Forum » General Tuning Discussion » high boost pressure

high boost pressure

General Tuning Discussion

Discuss all things tuning in this section. News, products, problems and results. 


Page 1
Author
557 Views

i have tuned lot of cars with 30-40 psi of boost with good success

i always tackled the ignition issue the same way of removing ignition with the increased boost.

the most i went is 40psi with about 16-17 of advance at that boost.

now the question is this.if you have a motor that you want to put 70 psi in, would you remove the same amount of ignition per psi?

how do you approach it?

or there is a point were you dont have to remove all that ignition?what ignition are the big guys running with 70 and 80 psi?

thanks

Hey hiper,

The correct ignition advance for an engine is always a moving target that will depend on load and rpm (as well as obviously the basic mechanical design of the engine). As a general guide, as rpm increases we need to advance the timing since there is less time available for the burn to occur. Conversely as we increase boost pressure we need to retard the timing as the combustion event happens faster with more fuel and air packed into the cylinder.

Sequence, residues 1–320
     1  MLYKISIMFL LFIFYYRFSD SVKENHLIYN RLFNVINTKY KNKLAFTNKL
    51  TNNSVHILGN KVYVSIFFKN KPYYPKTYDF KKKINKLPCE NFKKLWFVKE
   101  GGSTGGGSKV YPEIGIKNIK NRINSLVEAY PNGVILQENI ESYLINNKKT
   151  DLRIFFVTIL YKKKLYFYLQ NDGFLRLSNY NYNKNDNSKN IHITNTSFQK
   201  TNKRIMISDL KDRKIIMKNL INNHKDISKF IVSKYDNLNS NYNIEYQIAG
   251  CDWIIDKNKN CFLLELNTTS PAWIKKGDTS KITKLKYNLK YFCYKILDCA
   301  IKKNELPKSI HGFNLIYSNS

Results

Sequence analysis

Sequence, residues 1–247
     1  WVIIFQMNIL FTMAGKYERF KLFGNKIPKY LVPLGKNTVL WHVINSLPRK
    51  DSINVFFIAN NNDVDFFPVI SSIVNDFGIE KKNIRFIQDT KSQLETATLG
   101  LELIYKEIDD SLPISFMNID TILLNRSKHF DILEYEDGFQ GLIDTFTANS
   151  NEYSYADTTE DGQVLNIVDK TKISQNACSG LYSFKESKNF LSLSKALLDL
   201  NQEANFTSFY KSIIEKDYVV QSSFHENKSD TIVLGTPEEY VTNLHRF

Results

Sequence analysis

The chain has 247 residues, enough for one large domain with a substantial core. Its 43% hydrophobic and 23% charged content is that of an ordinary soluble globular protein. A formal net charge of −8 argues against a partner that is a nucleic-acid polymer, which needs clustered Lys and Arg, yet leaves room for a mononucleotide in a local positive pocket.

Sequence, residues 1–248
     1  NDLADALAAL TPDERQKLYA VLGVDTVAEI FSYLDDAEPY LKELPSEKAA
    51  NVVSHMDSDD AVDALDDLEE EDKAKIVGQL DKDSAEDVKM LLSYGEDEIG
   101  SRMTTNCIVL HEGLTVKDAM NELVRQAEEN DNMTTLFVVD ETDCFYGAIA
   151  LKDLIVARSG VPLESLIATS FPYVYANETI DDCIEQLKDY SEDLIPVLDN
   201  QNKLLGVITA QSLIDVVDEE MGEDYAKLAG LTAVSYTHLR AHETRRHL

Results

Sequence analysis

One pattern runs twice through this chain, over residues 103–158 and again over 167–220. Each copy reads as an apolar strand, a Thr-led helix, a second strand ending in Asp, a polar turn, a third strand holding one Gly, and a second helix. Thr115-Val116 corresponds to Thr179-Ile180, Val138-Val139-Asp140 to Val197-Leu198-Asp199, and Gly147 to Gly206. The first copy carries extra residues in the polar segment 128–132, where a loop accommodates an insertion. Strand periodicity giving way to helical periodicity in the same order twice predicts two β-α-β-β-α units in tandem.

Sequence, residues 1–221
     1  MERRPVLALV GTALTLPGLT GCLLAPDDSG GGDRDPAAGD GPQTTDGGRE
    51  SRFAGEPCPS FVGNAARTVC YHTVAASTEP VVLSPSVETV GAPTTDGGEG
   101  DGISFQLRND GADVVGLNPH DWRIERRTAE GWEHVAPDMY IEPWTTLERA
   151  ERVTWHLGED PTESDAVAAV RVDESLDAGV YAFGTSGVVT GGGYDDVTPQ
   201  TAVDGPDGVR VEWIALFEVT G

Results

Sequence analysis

So yes, as boost increases we need to retard the ignition timing. The approach I use is the same regardless if I'm tuning on pump gas at 15 psi or methanol at 50+ psi. I always start with conservative or very retarded timing and then advance it to find MBT (or the knock threshold). If you're aiming for 50-70 psi you may decide to add a little caution and stop advancing the timing when you see the torque begin to plateau though as any hint of knock at the sort of specific power levels you are likely to be seeing at this boost level could be damaging.

It's not uncommon to see ignition advance on methanol drag engines at 60+ psi boost in the high teens, but obviously you can't expect to apply the same ignition advance to every engine - There are simply too many variables.

The key is to start at low boost and work your way up. This will let you build up an idea of how much timing you need to retard per pound of boost for example. Before you increase the boost, you can then remove the correct amount of timing from the next load row (actually for safety you would want to remove a little more timing than you expect and then slowly advance it again and watch the torque change).